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Isaac Asimov

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He coined the term “robotics” and his writings laid the groundwork for modern science fiction, bleeding into video games, television and blockbuster films starring the likes of Robin Williams and Will Smith. And you can check out one of the largest collections of Isaac Asimov’s works at West Virginia University. Asimov penned or edited more than 500 books, but the prolific sci-fi author transcended the written word. He also produced, designed and narrated an array of science games, videos, slideshows, artworks, sound recordings and more. Thanks in part to donations by two collectors — Larry Shaver and Carlos Patterson — the WVU Libraries possesses one of the most complete collections of Asimov’s work in existence, numbering well over 1,000 items. 

Go online: go.wvu.edu/asimov.
Isaac Asimov Collection at WVU Libraries
Jay Cole

JAY COLE Senior Advisor to the President

HIS PICKS:

1. ‘Fantastic Voyage’ 
2. Asimov’s Annotated ‘Paradise Lost’
3. "Asimov on Physics"


A Cold War-era story about miniaturizing a team of experts and injecting them into a man’s body so they can use a laser to break up a fatal blood clot… sound laughable? Thanks to the Asimov treatment, it becomes a page-turning thriller featuring accurate biology and physiology. 

Asimov was an intellectual omnivore. Although he is best known for his science and science fiction, this annotated version of Milton’s classic poem offers a sense of just how far-ranging Asimov’s interests and insights were.

With books like this, Asimov earned the title “The Great Explainer.” With clarity and eloquence that I admire tremendously, Asimov describes the history of physics and explains the field’s fundamental concepts and theories. And he did that with anatomy, astronomy, biology, chemistry, mathematics…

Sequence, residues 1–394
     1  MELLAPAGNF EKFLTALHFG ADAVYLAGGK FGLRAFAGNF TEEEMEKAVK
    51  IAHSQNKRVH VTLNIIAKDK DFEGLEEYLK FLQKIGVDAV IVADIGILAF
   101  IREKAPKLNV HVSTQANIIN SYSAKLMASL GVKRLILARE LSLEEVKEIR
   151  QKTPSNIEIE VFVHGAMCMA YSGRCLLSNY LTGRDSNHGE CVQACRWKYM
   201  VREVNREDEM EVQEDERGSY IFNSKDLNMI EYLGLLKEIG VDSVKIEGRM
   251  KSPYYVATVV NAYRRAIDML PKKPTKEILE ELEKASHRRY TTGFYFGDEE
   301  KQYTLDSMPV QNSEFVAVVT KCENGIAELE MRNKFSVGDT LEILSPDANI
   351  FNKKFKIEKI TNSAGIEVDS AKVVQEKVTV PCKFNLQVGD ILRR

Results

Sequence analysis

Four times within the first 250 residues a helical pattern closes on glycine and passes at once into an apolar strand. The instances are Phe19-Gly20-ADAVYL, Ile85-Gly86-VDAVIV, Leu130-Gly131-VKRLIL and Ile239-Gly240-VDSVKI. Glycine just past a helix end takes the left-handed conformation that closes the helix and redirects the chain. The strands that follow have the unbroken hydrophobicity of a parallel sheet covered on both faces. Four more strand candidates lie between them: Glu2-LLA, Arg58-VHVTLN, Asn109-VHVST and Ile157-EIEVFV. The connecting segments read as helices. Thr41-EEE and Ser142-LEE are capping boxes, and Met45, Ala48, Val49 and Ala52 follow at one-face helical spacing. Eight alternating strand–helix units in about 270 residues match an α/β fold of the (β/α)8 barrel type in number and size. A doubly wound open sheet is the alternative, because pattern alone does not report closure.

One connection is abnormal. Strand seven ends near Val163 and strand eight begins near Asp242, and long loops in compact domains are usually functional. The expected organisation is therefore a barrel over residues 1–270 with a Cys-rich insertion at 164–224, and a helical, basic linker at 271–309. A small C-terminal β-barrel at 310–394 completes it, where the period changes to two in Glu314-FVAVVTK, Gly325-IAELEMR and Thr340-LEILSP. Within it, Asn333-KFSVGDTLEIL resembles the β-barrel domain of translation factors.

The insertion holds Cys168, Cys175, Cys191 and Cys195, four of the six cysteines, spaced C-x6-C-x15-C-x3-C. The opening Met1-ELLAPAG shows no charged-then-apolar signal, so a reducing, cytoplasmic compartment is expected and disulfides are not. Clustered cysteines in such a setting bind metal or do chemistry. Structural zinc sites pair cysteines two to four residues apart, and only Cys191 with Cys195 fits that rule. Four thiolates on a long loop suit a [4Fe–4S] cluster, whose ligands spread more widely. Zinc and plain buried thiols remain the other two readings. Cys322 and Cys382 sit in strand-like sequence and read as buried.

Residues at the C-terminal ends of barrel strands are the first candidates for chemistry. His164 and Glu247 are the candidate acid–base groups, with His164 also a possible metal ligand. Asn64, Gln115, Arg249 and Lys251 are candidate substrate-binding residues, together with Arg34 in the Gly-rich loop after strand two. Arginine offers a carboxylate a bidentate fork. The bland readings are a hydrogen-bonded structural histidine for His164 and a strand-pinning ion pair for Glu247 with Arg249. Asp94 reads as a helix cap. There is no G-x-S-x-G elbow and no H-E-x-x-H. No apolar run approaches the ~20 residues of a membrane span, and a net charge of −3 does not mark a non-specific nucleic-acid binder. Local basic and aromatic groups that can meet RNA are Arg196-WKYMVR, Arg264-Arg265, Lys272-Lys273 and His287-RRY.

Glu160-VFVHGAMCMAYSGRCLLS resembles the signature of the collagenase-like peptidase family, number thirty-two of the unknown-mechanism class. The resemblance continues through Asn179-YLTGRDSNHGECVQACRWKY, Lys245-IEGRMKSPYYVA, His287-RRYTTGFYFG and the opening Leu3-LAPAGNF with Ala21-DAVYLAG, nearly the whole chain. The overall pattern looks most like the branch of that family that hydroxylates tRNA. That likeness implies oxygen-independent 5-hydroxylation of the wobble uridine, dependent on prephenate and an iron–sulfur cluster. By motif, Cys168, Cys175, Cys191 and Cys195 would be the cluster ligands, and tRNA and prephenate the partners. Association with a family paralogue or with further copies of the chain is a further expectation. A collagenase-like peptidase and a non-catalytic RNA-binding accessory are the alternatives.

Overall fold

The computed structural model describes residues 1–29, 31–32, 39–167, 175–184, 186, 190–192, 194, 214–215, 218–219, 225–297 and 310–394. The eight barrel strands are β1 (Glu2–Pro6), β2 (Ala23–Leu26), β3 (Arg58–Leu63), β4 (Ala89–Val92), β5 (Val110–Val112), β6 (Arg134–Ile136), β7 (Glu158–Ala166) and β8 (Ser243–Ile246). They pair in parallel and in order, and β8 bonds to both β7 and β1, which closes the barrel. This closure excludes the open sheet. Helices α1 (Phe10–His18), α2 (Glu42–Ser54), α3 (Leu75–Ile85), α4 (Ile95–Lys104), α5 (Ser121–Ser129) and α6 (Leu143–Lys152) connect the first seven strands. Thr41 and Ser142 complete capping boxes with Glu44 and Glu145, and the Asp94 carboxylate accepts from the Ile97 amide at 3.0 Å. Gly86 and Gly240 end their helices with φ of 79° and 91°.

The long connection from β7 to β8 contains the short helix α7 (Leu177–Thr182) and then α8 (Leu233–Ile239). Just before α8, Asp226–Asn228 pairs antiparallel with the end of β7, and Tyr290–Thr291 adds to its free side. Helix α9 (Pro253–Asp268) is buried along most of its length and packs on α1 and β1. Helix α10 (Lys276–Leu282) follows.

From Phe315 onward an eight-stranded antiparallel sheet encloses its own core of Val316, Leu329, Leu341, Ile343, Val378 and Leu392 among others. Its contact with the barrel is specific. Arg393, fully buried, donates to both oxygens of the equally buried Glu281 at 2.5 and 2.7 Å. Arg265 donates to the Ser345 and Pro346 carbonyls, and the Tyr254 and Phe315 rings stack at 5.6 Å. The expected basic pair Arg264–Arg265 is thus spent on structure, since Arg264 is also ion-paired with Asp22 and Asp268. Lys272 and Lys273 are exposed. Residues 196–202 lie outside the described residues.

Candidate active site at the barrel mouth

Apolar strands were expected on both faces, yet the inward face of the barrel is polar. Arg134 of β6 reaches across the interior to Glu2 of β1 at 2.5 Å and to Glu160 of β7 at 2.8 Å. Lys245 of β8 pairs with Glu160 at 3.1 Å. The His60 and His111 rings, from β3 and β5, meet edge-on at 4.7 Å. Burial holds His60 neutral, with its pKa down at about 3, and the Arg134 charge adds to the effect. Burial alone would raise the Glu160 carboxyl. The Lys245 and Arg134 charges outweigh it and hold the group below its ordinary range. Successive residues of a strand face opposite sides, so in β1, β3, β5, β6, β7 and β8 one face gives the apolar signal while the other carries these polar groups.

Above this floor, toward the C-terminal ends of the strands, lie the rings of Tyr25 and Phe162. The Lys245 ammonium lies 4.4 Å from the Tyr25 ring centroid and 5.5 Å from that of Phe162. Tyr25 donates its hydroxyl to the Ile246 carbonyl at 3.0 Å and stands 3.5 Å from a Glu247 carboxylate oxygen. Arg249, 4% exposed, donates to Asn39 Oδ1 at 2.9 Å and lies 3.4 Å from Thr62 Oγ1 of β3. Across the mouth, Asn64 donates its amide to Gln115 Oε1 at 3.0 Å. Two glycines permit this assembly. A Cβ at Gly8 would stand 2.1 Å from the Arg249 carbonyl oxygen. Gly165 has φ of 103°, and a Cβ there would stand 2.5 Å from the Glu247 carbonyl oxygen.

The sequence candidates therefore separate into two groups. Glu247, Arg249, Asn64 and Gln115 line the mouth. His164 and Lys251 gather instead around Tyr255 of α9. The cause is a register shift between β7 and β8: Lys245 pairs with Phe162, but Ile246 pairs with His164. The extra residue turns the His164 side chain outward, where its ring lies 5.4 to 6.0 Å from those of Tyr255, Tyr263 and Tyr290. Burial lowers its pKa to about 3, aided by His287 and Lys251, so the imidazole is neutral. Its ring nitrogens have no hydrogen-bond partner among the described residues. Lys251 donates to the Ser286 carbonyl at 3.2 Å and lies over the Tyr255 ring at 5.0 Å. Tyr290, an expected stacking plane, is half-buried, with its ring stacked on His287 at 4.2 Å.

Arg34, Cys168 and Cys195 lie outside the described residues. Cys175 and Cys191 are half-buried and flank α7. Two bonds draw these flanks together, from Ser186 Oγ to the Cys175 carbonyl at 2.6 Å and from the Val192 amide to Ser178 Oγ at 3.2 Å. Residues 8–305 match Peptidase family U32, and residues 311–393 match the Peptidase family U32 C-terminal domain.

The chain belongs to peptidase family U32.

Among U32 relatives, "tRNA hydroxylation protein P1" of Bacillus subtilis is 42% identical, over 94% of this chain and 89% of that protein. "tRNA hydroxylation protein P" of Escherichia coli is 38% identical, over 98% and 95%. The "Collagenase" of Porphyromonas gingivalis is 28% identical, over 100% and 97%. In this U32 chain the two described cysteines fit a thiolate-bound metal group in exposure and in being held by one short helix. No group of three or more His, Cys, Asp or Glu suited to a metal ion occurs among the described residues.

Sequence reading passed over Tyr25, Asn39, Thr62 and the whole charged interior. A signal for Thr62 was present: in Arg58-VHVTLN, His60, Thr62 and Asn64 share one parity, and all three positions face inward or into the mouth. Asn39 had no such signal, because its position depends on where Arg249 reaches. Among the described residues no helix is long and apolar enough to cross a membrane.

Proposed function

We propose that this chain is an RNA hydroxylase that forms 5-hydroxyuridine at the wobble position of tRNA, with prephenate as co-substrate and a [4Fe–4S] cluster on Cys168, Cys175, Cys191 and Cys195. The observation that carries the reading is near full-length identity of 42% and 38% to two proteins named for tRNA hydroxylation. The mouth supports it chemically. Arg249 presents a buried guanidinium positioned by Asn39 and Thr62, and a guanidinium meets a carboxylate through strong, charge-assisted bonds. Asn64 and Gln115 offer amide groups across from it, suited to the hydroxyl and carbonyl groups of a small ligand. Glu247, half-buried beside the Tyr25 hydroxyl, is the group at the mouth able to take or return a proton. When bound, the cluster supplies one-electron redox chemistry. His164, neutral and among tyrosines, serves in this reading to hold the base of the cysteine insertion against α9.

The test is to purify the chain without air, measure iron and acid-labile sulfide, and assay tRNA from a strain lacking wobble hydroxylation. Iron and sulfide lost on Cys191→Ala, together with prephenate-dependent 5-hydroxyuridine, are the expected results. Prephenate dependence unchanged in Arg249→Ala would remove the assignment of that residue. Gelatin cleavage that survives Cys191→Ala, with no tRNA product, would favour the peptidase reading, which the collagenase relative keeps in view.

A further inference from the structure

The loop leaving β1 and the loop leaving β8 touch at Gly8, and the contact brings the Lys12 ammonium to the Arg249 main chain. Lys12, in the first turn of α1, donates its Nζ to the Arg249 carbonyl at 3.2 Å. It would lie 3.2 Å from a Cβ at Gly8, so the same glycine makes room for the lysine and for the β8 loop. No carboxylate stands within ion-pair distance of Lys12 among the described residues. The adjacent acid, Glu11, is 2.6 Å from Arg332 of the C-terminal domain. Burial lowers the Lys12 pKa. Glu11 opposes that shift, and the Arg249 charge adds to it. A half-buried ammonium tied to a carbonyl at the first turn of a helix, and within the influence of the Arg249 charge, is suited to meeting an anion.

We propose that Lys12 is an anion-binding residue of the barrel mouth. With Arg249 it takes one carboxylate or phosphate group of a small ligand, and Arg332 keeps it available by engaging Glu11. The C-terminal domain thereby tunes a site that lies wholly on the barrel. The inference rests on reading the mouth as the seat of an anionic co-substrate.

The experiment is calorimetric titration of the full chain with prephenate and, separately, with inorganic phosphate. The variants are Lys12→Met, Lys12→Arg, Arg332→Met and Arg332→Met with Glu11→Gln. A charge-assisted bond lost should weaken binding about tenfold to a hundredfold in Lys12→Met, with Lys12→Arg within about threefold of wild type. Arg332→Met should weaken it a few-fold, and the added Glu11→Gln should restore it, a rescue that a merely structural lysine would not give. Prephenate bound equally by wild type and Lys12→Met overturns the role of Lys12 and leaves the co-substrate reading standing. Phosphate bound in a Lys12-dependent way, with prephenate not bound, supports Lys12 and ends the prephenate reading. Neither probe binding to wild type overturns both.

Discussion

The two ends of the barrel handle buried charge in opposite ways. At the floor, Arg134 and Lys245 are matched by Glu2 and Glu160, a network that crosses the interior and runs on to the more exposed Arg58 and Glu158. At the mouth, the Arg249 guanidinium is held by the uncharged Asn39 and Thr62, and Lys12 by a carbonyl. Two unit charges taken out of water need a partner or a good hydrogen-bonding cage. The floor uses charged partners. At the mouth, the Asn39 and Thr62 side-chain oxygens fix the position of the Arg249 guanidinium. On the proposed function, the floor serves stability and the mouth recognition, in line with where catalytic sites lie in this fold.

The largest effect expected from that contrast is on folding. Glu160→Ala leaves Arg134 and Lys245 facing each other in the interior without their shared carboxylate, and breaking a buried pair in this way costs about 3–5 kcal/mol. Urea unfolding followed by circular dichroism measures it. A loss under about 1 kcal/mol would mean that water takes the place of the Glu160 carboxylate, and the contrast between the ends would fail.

Stewart Plein

STEWART PLEIN Rare Book Librarian

HER PICKS: 

4. ‘The Lucky Starr’ series of young adult fiction 
5. Vinyl recording: William Shatner reads Asimov’s ‘Foundation’
6. Ellis Island ruler with his name on it as an emigrant


Asimov was already a popular author in the 1950s when he was asked to write a novel that could be the basis for a children’s TV show. He agreed, but published it under the pen name Paul French because he did not think highly of the era’s children’s shows such as ‘Woody Woodpecker,’ ‘Casper the Friendly Ghost’ and ‘Mr. Magoo.’ 

As a big fan of ‘Star Trek,’ I can’t help but have an interest in William Shatner’s reading of ‘The Psychohistorians,’ a story about scientists from one of Asimov’s most popular novels, ‘Foundation,’ on vinyl.

One of the most fascinating items is a ruler, probably a gift shop item purchased at Ellis Island. Though undated, this ruler is printed with the names of famous immigrants, including the Russian-born Asimov, who arrived in the U.S. at Ellis Island.

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